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Art of Being a Brilliant Teenagers

Help teenagers survive under the pressure of school, homework, exams, parents, relationships, hormones…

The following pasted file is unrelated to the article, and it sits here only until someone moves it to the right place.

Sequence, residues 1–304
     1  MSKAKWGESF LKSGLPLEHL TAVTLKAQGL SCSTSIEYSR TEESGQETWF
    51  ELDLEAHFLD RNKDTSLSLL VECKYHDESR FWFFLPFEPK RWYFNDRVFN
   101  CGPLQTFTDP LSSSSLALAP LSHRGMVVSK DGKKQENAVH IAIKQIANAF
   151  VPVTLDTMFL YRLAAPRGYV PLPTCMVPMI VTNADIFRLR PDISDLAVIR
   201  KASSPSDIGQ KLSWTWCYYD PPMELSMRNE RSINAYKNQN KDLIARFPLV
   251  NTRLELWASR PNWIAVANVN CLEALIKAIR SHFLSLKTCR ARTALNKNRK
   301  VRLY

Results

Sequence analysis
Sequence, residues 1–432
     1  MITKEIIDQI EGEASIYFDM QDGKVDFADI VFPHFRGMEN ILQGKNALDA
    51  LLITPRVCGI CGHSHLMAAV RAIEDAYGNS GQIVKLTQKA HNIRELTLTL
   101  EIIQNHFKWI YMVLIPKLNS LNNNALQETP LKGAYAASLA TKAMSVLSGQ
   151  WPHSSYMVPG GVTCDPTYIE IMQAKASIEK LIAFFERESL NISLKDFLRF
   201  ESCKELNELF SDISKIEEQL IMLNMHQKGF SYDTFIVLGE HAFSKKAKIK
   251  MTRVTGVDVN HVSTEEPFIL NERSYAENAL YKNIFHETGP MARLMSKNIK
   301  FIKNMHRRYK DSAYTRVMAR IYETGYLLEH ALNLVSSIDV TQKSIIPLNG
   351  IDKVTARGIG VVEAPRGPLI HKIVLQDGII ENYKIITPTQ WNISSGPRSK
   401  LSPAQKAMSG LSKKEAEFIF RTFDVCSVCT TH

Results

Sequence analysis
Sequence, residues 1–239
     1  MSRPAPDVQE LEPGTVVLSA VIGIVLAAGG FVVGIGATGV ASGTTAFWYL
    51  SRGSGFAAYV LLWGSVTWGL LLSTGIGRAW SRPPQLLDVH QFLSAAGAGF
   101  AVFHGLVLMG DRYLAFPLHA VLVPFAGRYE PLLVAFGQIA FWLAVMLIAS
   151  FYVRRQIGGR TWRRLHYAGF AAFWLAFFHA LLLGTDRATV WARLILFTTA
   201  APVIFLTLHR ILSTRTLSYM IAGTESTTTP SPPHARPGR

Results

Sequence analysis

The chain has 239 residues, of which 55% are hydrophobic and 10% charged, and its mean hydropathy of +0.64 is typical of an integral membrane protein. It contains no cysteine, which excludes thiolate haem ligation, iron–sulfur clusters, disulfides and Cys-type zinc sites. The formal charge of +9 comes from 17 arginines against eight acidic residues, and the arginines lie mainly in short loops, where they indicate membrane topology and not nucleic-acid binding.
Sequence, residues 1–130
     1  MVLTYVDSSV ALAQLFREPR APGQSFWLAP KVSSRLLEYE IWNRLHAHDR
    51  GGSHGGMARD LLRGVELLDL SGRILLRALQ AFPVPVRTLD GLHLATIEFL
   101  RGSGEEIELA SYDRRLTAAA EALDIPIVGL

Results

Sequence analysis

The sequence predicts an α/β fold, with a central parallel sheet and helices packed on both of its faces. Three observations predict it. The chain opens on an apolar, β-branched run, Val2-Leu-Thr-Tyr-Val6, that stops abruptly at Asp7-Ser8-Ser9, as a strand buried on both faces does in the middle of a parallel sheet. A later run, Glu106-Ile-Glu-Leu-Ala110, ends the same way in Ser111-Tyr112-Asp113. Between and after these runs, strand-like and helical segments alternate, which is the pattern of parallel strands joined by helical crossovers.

FREE eChapter 1Calling all teenager s quit the moaning and start loving lif e Have you got a grumbling, slovenly teenagershaped lump in your household Do you occasionally hear grunts and door banging that suggests there’s a teenager living with you Or are you indeed one of these marvellous young things Do you think teenagers get a bad rap and are determined to be energetic, focused, successful and happy Whether you’re a teenager with ambitions or someone desperate to turn a downbeat teenager into a ray of positivity and delight, The Art of Being a Brilliant Teenager is here to help. The bestselling authors of The Art of Being Brilliant and Be Brilliant Everyday are experts in the art of happiness and positive psychology and, with this new book, will help teenagers be more motivated, confident, optimistic and ambitious – to prepare them for a brilliant adult life Buy today from your favourite bookshop and online at 2Please feel free to post this sampler on your blog or website, or email it to anyone you think would enjoy it Thank you. Extracted from The Art of Being a Brilliant Teenager published in 2014 by Capstone Publishing, The Atrium, Southern Gate, Chichester, West Sussex, PO19 8SQ. UK. Phone +44(0)1243 779777 Copyright © 2014 Andy Cope, Andy Whittaker, Darrell Woodman Amy Bradley All Rights Reserved. No part of this publication may be reproduced, stored in a retrieval system or transmitted in any form or by any means, electronic, mechanical, photocopying, recording, scanning or otherwise, except under the terms of the Copyright, Designs and Patents Act 1988 or under the terms of a licence issued by the Copyright Licensing Agency, 90 Tottenham Court Road, London, W1T 4LP, UK, without the permission in writing of the Publisher. Requests to the Publisher should be addressed to the Permissions Department, John Wiley Sons Ltd, The Atrium, Southern Gate, Chichester, West Sussex, PO19 8SQ, England, or emailed to permreqwiley.co.uk. 3It might sound a little sickly but this book is for your heart of hearts, for the voice inside your head and for the person you want to be. But, more than anything, it’s for the person you already are. It is a reminder that you are already brilliant, sometimes. And that you need to start being brilliant a bit more often. This book is also about reminding you to surround yourself with those who will replenish your reserves of energy, love and gratitude. Not the miserable bs who drain you. 45When we run ‘The Art of Being Brilliant’ in schools there is always a sizeable population of lads who want to be Premiership footballers. We admire ambition. I asked one such lad, ‘So, are you any good at football Do you play for a team’ ‘Err no, sir. But I’m good on Fifa.’ You couldn’t make it up. He reckons that if he stays locked in his bedroom playing on his XBox for long enough, a Liverpool scout’s going to knock on his door, walk in and say, ‘Good with your thumbs. You’re exactly what we’re looking for. Here’s a shirt and 200k a week.’ 67Ambition is fab. But don’t delude yourself. If you want to be a footballer you will have to be out practicing 7 days a week and will have to be the star of your local team. Now If you want to be a vet, you need to be volunteering at the RSPCA. Now If you want to be a hairdresser, you need to be volunteering at your local salon. Now If you want to be in the army you need to be in the cadets. Now If you want to be a web designer you need to be designing websites. Now Tell me when you’ve got the point... If you want to go to uni, you need to be working your backside off. Now 2 If you want to be a banker you need to get used to having no mates. Now and FOREVER 2 Sorry, that’s a cheap and topical gag. It might not be topical if you’re reading this in 2050 But check out the history books. Bankers paid themselves lavishly while doing their jobs really badly and bringing the world to its knees. Top tip try not to bear grudges greedybs 89People often say that a person ‘has not yet found themselves’. But the ‘self’ isn’t something you fifif nd, it’s something you create. Create your best self and be it consistently. You cannot give what you don’t have. It’s diff cult to be nice to others if you’re not nice to yourself. And it’s diff cult to be nice to yourself when you don’t feel good about yourself. Working on yourself and cultivating your own selfesteem can be a lot of work. In fact we believe it’s a full time job. And you never get a certi icate of completion The longer you wait for your future the shorter it will be. There’s a really cool book called ‘The Secret’ that’s based on ‘The Law of Attraction’. Stick it on your birthday list. Put simply, what goes around comes around. If people don’t understand you, take steps to understand them frst. If people aren’t nice, try being nice to them f rst. We promise that if you’re consistently awesome, the world is a better place. It’s a bit spooky how true this is. Please note, it doesn’t mean everybody is always nice and smiley and kind to you. The world will still have its fair share of idiots. Always remember, you can’t cure ‘stupid’. Just make sure you don’t become one of the idiots. Do what it says in this book and, over time, you’ll shine. And, when you shine, you stand out. And when you stand out, opportunities come your way. 10We think standing out for all the right reasons is one of the most important things you’ll ever learn to do. The problem is... it’s a whole lot easier to it in If everyone else is moaning about teachers and homework and that life’s not fair, the easiest thing is to join in. Roll your eyes, sigh and complain. Try it. It’s a doddle. Because doing what everyone else is doing is kind of tempting So, yes, itting in is an OK shortterm strategy. But your best long term strategy should be to stand out. And if you’re an upbeat, positive, smiley, energetic, enthusiastic young person, believe me when I tell you, you’ll stand out a mile You get to choose your friends. Choose carefully. It’s better to have a few really good ones than lots of acquaintances. Gangs are interesting. The media tends to talk about them as if they are a new phenomenon. We’ve been in gangs or clans since we emerged from the swamps. Gangs can make you feel like you belong to something. The problem is they tend to hang around doing bad stuff. We dare you to join a gang that does good stuff. 11Scouts is a gang. Drama group is a gang. Your rugby team is a gang. Netball is a gang. Playing in a band is a gang. Family is a gang. Do stuff. All the kids who get into trouble are ones that are bored. We appreciate that doing stuff takes effort. And, of course, it’s a lot easier to do very little. You don’t get to choose your family. Make the most of what you’ve been given. They’re for life. A family is only ever as happy as their least happy child. So make sure it’s not you. You can be a source of pleasure, pride and inspiration to your family. Or a real pain and a worry. Think about it. If changes are necessary, don’t wait. Make them. 1213 When I was in primary school my teacher sat me next to a girl called Melanie. Or ‘Mel’. And Mel was really nice but in year 3 she developed a scowl and a bad attitude. She adopted a catchphrase that re lected exactly what she thought of school. Mel would slouch very low in her seat, roll her eyes and complain that everything was ’Booooring’. And I mean ‘everything’. In year 3 we were taking turns reading pages from a story. I loved the story but when it was Mel’s turn she sighed and huffed, ‘What ’s the point of this story miss It’s boooring.’ In year 4 we did maths. It was never my strong point but I did my very best. Mel stuck her hand in the air. ‘Miss. What are we doing this for. It ’s just numbers and they’re really boooooring.’Year 5 was especially bad. ‘Miss, why are we doing history, it’s just about dead people and it’s boooring.’ Ditto year 6. Then it was the step up to big school. You’ve guessed it, Mel slouched her way through years 7, 8, 9, 10 and 11 complaining that big school was exactly the same as little school. ‘Booooring.’ Mel found her niche. She nestled into ‘just below average’. Her default attitude was negative. Her exam results re lected her personality. And I couldn’ t help feeling that Mel might have wasted an opportunity 14About the Author s ArtyAmy Amy: Fun girl who gets Dr HAPPY to spend her days doing her favourite thing .... beingbrilliant Andy C: Clever guy who spends DRAWING She’s always 50 of his time as a student, 50 saying she has the as an author and 50 as a trainer amybrad1 best job If you’d like to (not so clever at maths, to be see more of her cool fair). Andy works with massive illustrations then visit companies, reminding them how www.amybradley.co.uk to be happy. He also writes the ‘Spy Dog’ children’s series. One daughter, one son. Mr S trengths ArtOfBrillAndyW funny bone Daz: Nice guy who had a successful career in local radio Andy W: Funny guy who has before deciding to jack it all in and several failed careers before do something radical with his life. fnding his niche delivering He now delivers ‘The Art of Being training that makes people laugh Brilliant’ in business and schools. as well as changing their lives. Two sons. Fluctuates between genius and idiot. One daughter. darrellwoodman 16 www.artofbrilliance.co.ukLike what you’ve read here Then get yourself a copy of The Art of Being a Brilliant T eenager, which will: • Help teenagers survive under the pressure of school, homework, exams, parents, relationships, hormones… • Encourage positivity to stop the alltocommon moaning of the teenage years • Give tips and techniques to ensure the teenagers of today shed their negativity and don’t grow into adults that think ‘life’s not fair’ • Provide a richly illustrated, colourful and lighthearted guide to the art of happiness and positive psychology Buy today from your favourite bookshop and online at 17